Tracing of the Rhone river, wastewater, and mixing within lake Geneva: stable isotope compositions of water and dissolved inorganic carbon

Dr Janine Halder / Supervisor : Torsten Vennemann 


This study presents an evaluation of the stable isotope composition of water (hydrogen and oxygen) and dissolved inorganic carbon (DIC) of Lake Genevaa peri-alpine lake situated at the border between Switzerland and France. Its main recharge source is the Rhône River (about 72-82 %) and rivers with a catchment in the Jura mountains and pre-Alps (about 21 %). With a surface area of 580 km2, a volume of 89 km3 and a maximum depth of 310 m, evaluation of the circulation and mixing processes within the lake is challenging. The research goal is therefore to use vertical and seasonal variations of the isotopic compositions to evaluate mixing processes, the dispersion of water sources and with that the origin as well as dilution of micropollutants.

Depth profiles were sampled at different locations throughout Lake Geneva on a monthly and seasonal basis over the course of three years (2009-2011). The results of the oxygen isotope compositionsindicate a Rhône River interflow, which can be traced at least for about 55 km throughout the lake during summer. The interflow is 7 to 15 m thick and a simple isotopic mass balance allowed to quantify the molar fraction of Rhône River water, which may amount up to 37 %. Calculated density of the water and measured isotopic compositions demonstrate that the interflow depth changes in conjunction with the density gradient in the water column during fall. The results based on stable isotopic compositions of water thus improved the understanding of the circulation of water within the lake.

The results of the stable carbon isotope composition of dissolved inorganic carbon (DIC) could confirm the outcome of previous studies, which suggested that photosynthetic CO2 uptake and respiration only may not necessarily determine ?13CDIC values in lakes. As the partial pressure of COis well below atmospheric equilibrium from spring onwards Lake Geneva is thus taking up CO2 from the atmosphere between spring and fall and emitting CO2 to the atmosphere during winter.In comparison to previous studies a progressive 13C depletion due to remineralization and calcite dissolution can be observed in the hypolimnetic layers of Lake Geneva as the lake had no complete overturn for 5 years. The study provides a large data set of seasonal and annual ?13CDICvariations in a large lake and it is therefore a foundation for paleolimnological studies as well as the DIC cycle within Lake Geneva and large lakes in general.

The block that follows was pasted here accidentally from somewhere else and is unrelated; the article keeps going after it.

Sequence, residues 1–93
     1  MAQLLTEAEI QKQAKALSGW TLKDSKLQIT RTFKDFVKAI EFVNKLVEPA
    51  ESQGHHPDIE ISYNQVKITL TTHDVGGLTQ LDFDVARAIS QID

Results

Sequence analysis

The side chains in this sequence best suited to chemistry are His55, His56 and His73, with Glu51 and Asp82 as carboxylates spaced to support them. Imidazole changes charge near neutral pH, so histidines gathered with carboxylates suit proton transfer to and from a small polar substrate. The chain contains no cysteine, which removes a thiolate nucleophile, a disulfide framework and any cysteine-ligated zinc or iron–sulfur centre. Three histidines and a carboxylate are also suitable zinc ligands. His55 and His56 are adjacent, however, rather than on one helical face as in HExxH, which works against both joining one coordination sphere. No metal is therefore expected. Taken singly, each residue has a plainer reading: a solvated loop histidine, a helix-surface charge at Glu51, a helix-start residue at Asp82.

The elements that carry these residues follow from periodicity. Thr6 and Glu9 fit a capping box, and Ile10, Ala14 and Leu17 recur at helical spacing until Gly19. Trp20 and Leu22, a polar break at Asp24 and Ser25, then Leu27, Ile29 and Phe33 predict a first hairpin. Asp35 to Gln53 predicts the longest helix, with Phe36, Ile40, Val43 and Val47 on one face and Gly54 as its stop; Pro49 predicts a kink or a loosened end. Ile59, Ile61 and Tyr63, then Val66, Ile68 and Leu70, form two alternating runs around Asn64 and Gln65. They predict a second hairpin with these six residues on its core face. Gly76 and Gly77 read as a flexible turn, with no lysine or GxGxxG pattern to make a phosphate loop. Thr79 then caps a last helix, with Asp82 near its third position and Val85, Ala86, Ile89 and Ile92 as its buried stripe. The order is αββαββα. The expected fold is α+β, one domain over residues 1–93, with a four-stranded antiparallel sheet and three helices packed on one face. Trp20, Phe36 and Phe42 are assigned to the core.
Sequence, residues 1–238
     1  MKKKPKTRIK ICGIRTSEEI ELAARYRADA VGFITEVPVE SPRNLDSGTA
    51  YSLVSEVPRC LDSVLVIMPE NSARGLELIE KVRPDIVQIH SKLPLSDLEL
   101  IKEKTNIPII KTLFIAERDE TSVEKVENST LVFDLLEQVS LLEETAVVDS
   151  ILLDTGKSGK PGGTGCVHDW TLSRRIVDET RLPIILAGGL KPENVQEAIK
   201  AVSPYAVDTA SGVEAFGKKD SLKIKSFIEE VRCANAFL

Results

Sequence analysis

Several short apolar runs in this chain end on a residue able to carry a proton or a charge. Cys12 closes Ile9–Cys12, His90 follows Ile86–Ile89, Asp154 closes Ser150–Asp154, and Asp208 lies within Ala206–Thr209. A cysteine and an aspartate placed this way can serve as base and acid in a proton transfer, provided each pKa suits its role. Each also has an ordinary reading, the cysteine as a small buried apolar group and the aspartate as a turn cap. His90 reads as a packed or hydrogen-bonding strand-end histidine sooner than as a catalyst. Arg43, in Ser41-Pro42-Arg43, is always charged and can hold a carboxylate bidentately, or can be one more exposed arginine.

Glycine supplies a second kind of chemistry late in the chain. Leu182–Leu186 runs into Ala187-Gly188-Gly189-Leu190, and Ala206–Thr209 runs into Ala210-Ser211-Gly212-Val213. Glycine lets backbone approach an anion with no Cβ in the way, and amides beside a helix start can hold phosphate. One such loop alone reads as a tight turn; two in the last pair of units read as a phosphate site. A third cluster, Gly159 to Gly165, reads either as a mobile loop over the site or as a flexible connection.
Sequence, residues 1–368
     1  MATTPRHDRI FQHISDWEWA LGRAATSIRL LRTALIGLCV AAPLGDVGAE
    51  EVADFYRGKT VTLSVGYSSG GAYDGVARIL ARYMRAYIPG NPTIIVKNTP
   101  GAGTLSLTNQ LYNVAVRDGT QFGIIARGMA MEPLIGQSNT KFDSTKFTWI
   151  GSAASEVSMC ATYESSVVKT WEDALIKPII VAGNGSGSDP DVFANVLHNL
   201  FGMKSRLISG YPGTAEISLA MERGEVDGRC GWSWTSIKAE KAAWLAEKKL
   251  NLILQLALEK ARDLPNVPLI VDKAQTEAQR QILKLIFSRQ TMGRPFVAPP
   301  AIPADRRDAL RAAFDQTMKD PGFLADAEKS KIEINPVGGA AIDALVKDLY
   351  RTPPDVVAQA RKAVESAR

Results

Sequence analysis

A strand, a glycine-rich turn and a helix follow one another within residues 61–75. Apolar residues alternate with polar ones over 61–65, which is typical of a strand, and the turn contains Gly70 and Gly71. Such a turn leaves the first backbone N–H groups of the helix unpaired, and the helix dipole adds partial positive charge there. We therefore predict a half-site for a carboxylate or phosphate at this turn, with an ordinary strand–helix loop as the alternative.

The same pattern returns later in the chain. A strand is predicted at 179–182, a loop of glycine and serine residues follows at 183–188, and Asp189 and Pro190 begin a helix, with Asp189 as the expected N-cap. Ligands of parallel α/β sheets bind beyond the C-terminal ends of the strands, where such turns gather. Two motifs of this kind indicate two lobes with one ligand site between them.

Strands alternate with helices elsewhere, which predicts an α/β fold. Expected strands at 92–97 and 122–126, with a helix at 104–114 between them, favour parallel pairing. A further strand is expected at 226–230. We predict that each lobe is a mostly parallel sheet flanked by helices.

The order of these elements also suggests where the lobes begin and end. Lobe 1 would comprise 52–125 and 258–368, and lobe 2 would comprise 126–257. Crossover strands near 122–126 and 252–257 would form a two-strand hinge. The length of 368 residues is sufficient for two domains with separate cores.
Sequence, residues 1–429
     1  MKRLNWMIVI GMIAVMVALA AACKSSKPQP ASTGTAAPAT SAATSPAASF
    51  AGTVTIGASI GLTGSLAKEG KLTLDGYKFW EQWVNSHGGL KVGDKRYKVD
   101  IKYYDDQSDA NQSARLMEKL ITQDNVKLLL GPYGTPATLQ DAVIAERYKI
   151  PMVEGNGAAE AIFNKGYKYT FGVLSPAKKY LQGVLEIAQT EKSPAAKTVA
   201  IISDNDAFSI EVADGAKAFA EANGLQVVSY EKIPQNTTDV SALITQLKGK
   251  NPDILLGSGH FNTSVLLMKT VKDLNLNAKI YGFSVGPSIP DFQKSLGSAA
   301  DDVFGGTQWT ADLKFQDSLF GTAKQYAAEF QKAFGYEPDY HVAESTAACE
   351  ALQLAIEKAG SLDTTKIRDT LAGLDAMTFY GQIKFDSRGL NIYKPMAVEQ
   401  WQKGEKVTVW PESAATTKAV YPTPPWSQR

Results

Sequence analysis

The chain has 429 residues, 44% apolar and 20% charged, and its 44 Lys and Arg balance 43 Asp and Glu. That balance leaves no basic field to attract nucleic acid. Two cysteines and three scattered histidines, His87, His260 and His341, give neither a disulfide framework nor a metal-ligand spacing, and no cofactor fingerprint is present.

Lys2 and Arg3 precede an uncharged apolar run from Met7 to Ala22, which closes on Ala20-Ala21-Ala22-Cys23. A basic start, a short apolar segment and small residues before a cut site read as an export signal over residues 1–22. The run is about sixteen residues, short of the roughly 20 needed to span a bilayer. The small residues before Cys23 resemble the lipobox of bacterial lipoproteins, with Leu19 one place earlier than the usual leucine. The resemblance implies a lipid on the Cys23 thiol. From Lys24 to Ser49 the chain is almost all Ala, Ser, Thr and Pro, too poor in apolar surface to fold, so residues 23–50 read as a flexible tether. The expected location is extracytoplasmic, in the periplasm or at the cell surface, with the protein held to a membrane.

In the Bay of Vidy the stable isotope compositions of water and dissolved inorganic carbon could trace the mixing of 3 different water sources (wastewater, stormwater, and Rhône River water). It allowed furthermore to quantify its fractions, and with that the potential origin and dilution of micropollutants.


Halder J. 2013. Tracing of the Rhône River, wastewater, and mixing within Lake Geneva: stable isotope compositions of water and dissolved inorganic carbon. PhD thesis. Université de Lausanne, Lausanne, Switzerland.